My Dog Has Bloodshot Eyes

By Josie F. Turner, Journalist specialized in Animal Welfare. Updated: June 8, 2022
My Dog Has Bloodshot Eyes

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In most cases, any appearance of bleeding is cause for concern. When we see blood appearing in our dog's eye, it is particularly worrying. While there may be some relatively benign explanations as to the cause of red eyes in dogs, it will always warrant both our attention and quick action. Some causes might be life threatening. If your dog has bloodshot eyes, you will want to look at some of the other symptoms to help determine the cause.

Knowing the cause is the only way to find the right course of treatment. This is why AnimalWised recommends you take your dog to the vet immediately if you see they have blood in their eyes as they are the only ones able to provide an accurate diagnosis.

You may also be interested in: My Dog Has Green Eye Discharge

Causes of red eye in dogs

There are many different reasons why your dog has bloodshot eyes. To help determine this cause, it is important to know if the eye itself is bloodshot or if the eye itself is bleeding. The former is usually a sign of inflammation and/or infection. If the eye is weeping blood, there may be a laceration or an infection has grown severe. Immediate action in the latter case is required, especially since fast treatment might prevent blindness.

There are some general causes of red eye in dogs we can take a look at. We start with some possible physical traumatisms:

  • Physical trauma: whether your dog has run into a low table or been hit by something, a physical blow can cause their eye to become bloodshot. If they have been run over by a car, emergency treatment will be required to determine if any life-threatening internal injuries are present.
  • Scratch: if your dog is outside, they can often be overzealous due to excitement. Running into shrubbery or similar areas can lead to scratching of the cornea. The result is a bloodshot eye, inflammation and irritation.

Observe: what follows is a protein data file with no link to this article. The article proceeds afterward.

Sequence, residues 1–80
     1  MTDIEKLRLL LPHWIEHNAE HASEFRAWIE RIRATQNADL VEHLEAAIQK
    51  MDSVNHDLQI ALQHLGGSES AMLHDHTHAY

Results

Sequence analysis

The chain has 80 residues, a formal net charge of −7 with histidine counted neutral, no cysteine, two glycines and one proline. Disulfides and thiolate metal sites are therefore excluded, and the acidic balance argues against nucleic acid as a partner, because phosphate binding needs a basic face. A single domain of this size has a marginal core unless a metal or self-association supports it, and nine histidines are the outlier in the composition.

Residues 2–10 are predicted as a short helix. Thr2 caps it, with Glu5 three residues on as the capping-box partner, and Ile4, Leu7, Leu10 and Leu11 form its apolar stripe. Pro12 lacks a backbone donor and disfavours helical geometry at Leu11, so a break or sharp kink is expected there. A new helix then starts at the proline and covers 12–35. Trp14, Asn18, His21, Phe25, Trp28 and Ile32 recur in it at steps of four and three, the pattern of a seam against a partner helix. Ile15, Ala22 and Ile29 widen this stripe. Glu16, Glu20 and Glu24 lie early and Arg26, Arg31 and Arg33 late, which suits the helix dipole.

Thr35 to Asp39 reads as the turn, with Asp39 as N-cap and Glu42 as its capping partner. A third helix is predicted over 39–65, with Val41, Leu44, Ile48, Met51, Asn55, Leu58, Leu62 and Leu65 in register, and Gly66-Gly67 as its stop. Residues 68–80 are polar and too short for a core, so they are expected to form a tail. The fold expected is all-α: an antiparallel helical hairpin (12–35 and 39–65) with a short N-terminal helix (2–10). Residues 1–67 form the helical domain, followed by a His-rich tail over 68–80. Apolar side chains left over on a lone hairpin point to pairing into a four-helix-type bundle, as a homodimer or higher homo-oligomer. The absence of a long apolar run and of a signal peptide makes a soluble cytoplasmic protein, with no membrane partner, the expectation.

• Fighting: if a dog is fighting with another dog or an animal of a different species, it is possible they will sustain a scratch to the eye. This may not even be a vicious fight, but can occur when play fighting becomes too rough.
  • Foreign body: even small particles floating in the air can land on your dog's eye and cause irritation. You need to be careful if you are doing something such as chipping wood when your dog is present.
  • Chemical: chemicals can get into your dog's eye for various reasons, possibly due to a spill or if they roll in something on the ground. The more caustic the chemical, the worse the prognosis will be for the eye.

There are other reasons why a dog might have bloodshot or swollen red eyes which don't involve getting something in the eye directly. These may include:

  • Allergies: an allergic reaction can cause a dog's eye to swell or turn bloodshot as their immune system tries to fight the symptoms. The allergy could be due to something they have eaten or something they have come in contact with. The latter can also have other symptoms such skin swelling, which can be seen in atopic dermatitis in dogs.
  • Conjunctivitis: conjunctivitis is the general term for inflammation which affects the conjunctiva, i.e. the tissue lining the eyelids. It is sometimes known as pink eye and its causes are varied. They include viral or bacterial infections.
  • Corneal ulcers: also known as ulcerative keratitis, corneal ulcers have various causes, but the result is damage to the corneal layer. Brachycephalic dogs such as the Pug and the Boxer are more likely to develop this condition[1]. They can result in dogs with bloodshot eyes.
  • Glaucoma: a range of diseases stemming from damage to the optic nerve and resulting in blurred vision and redness in the eye. The dog's eyes will also look cloudy and the disease can vary in acuteness. Glaucoma causes can be genetic, as well as due to underlying pathologies and even poor diet.
  • Uveitis: this is another inflammation, this time affecting the uvea which is the pigmented (colored) part of the dog's eye. While infections are a common known cause of this disease in dogs, in the majority of cases, the cause is difficult to determine[2].